aliquot

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English[edit]

Etymology[edit]

From French aliquote, from Latin aliquot.

Pronunciation[edit]

Adjective[edit]

aliquot (not comparable)

  1. Contained in the whole an integral number of times, a factor or divisor.
    • 1794, George Adams (Jr), Lectures on Natural and Experimental Philosophy, Considered in its Present State of Improvement. Describing, in a Familiar and Easy Manner, The Principal Phenomena of Nature, and Shewing, That They All Co-operate in Displaying the Goodness, Wisdom, and Power of God,
      If, therefore, every aliquot diviſion produced a ſenſible effect by it's[sic] vibration, we ſhould hear in every muſical ſtring an infinite variety of chords, diſſonant and conſonant, in ſharp and flat keys at the ſame time.
    • 1853, Joseph Whitworth, New York Industrial Exhibition: Official Report, page 166:
      The United States standard yard … has a thin strip of silver, 15 inch broad, let into it through its entire length. It is divided into small divisions, each being an aliquot part of an inch.
    • 1922, James Joyce, Ulysses (modernist novel):
      …the meal should be divided in aliquot parts among the members of the sick and indigent roomkeeper’s association as a token of his regard and esteem.

Antonyms[edit]

Translations[edit]

Noun[edit]

aliquot (plural aliquots)

  1. (chemistry, biotechnology) A portion of a total amount of a solution or suspension.
    • 1965 December 1, Martha Smith Richmond, Analysis of Uranium Concentrates at the National Bureau of Standards, National Bureau of Standards, NBS Misc. Publ. 260-8, page 26,
      Two aliquots each of 57 sample solutions and 15 solutions of NBS Standard No. 950a were assayed.
    • 2002, Code of Federal Regulations, 40: Parts 136-149, Protection of Environment, Office of the Federal Register, page 244,
      11.5.3 For each sample or sample batch (to a maximum of 20 samples) to be extracted during the same 12-hour shift, weigh two 10 g aliquots of the appropriate reference matrix (Section 7.6) into clean beakers or glass jars.
    • 2011, Ganapati P. Patil, Sharad D. Gore, Charles Taillie, Composite Sampling, Springer, page 115,
      Composite samples are formed by physically mixing aliquots of individual samples. If aliquots of equal volumes are used, then the composite sample values are simply the arithmetic averages of individual sample values.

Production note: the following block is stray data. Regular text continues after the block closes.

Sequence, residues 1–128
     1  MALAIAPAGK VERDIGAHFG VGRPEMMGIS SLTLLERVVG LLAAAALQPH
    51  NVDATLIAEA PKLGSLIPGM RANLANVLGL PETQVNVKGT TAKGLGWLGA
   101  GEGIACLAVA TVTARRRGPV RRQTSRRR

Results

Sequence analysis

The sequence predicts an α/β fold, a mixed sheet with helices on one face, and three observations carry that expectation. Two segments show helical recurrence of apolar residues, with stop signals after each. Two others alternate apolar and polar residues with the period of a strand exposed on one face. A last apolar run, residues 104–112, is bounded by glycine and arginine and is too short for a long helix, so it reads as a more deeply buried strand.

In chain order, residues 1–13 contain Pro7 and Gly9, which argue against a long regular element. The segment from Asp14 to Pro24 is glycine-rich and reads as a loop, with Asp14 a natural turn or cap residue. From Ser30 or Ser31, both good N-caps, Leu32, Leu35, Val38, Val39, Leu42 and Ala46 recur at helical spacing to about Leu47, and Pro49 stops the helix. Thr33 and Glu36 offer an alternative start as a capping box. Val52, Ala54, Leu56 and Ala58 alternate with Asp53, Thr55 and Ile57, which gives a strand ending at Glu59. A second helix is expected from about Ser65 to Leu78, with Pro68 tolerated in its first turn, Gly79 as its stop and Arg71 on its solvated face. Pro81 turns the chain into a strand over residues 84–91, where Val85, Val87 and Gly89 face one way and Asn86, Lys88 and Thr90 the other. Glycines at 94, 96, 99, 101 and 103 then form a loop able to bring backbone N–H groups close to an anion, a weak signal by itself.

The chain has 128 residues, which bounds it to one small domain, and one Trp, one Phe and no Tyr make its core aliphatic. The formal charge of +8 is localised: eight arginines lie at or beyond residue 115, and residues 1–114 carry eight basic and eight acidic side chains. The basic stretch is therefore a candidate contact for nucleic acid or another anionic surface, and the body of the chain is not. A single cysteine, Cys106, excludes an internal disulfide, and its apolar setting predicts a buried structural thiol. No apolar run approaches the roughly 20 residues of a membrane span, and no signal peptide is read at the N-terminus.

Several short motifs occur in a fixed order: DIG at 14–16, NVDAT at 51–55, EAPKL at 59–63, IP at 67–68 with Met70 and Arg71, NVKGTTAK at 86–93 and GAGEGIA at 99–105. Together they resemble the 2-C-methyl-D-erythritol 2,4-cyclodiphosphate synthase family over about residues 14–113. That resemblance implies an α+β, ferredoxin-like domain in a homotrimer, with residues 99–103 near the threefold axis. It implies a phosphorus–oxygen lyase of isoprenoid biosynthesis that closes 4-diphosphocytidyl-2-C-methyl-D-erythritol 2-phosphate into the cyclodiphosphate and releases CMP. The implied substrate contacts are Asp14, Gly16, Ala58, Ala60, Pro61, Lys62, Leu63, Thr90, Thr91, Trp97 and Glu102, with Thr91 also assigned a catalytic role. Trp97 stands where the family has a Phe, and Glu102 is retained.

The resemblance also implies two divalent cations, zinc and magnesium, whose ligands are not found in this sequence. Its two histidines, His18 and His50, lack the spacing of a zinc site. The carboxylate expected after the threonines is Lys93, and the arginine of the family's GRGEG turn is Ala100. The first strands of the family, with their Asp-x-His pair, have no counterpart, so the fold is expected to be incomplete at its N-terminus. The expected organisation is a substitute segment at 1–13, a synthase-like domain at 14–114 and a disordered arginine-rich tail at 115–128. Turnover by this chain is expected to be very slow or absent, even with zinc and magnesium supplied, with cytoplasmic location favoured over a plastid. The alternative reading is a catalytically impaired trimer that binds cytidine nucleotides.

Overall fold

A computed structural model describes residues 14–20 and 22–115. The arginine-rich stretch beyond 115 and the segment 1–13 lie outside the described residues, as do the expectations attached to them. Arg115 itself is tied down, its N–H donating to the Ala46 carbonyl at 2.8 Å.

Translations[edit]

Verb[edit]

aliquot (third-person singular simple present aliquots, present participle aliquoting or aliquotting, simple past and past participle aliquoted or aliquotted)

  1. (chemistry, biotechnology, transitive, informal) To separate a volume of solution or suspension into aliquots.
    • 1994, Patricia Viola Racenis, Phosphatidate Biosynthesis in the Yeast Saccharomyces cerevisiae, University of Michigan, page 34,
      The nuclear pellet was resuspended in homogenizing buffer (about 25 ml), aliquoted into Eppendorf tubes and stored at -80°C.
    • 2002, Joachim Close, 20: Preparation of Protein Samples from Mouse and Human Tissues for 2-D Electrophoresis, John M. Walker (editor), The Protein Protocols Handbook, Humana Press, page 144,
      The final solution is filtered, aliquoted into 150 μL portions, and stored at –70°C.
    • 2006, Elizabeth Ann Dille, Establishing an in Vitro Follicle Culture System to Study the Effect of Endometriosis on Infertility, University of Wisconsin-Madison, page 105,
      Serum was aliquoted into 10 mL aliquants and frozen at -20°C until use.

German[edit]

Etymology[edit]

From Latin aliquot.

Pronunciation[edit]

  • IPA(key): [aliˈkvɔt]
  • Hyphenation: ali‧quot
  • (file)

Adjective[edit]

aliquot (not comparable)

  1. aliquot

Declension[edit]

Further reading[edit]


Latin[edit]

Etymology[edit]

From alius + quot.

Pronunciation[edit]

Adjective[edit]

aliquot (invariable)

  1. some; several; a few

Derived terms[edit]

Descendants[edit]

References[edit]